Given the James “boring” Milner brand – “still teetotal, still with the same girl.” – his people clearly realised a conventional autobiography might be asking a bit much of the sports memoir market.
That the Ribena-and-ironing @BoringMilner Twitter account is nothing to do with him (“I can’t iron. I can’t even turn it on”) is irrelevant. And all those caps, trophies and more years active than any other player in the Premier League count for nothing with the never-satisfied-always-right “fan” anyway.
So instead, they’ve opened it up as a Q&A forum. It can get a little over Milner-ed at times - when he’s discussing insoles or how to beat the Weetabix challenge, say, and some of the enquiries veer dangerously close to beige themselves (“How do you travel to matches?”)
But among the transport and diet plans there’s actually plenty to work with - one nutritionist’s “shakes” were more like a bushtucker trial.
Leeds legend has it they used to play “the 50p game,” in which said currency was taken on the pitch, if you were touched by the player who had it during the game you had to take it, and if in possession of it at the final whistle, you had to buy all the drinks.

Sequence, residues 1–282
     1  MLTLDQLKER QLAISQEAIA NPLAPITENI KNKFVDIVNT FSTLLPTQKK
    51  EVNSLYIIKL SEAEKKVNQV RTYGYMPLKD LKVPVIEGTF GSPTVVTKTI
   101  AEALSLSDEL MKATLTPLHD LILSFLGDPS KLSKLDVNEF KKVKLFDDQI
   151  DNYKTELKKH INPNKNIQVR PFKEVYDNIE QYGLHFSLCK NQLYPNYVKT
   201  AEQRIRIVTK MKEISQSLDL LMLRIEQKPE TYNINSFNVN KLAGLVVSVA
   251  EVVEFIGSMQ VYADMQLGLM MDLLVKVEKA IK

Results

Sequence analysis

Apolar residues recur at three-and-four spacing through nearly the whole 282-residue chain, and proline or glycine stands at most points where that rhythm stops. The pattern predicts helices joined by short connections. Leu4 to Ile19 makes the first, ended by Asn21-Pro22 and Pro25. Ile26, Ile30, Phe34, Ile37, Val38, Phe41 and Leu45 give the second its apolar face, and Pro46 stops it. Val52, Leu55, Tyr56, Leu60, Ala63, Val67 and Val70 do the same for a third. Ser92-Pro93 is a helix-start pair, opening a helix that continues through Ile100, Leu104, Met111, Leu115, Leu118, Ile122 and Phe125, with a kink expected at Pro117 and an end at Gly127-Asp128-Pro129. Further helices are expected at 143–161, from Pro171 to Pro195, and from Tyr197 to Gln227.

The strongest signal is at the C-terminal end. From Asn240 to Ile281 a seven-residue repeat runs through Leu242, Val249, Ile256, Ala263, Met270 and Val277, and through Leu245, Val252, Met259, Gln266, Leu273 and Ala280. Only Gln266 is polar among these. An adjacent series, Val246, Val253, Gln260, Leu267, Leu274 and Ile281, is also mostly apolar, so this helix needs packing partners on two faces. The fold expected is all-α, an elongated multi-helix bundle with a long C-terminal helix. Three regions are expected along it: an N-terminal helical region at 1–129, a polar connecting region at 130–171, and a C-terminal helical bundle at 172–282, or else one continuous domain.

It’s a little frustrating that he can’t name the players who have most raised eyebrows, such as one who drove a 4x4 into the centre circle mid-training session to ask his mate where they were going out later. Some managers, however, are identified. Fabio Capello had a superstition that involved everyone playing golf before an England game and could go off like Vesuvius.
On signing for Newcastle, Bobby Robson “bounded over… rubbing his hands, saying ‘Right, where’s the new lad? Where is he?’ and I was right in front of him.”
Yet he still can’t bring himself to name the one whose half time talk will never be beaten for economy: “Play better second half.” Or the one who a Liverpool teammate says went full PE teacher and made them stand in formation on a training pitch for 90 minutes in silence following a defeat. “This is what you did yesterday. So this is what we’re doing today.”
He’s honest, diplomatic and certainly not on auto-pilot, and if this is all you had to read while waiting for your solicitor you’d probably be pleasantly surprised. But for everyone who’s ever dreamt of asking James Milner a question, you are in paradise.
James Milner, Ask a Footballer. Quercus, £20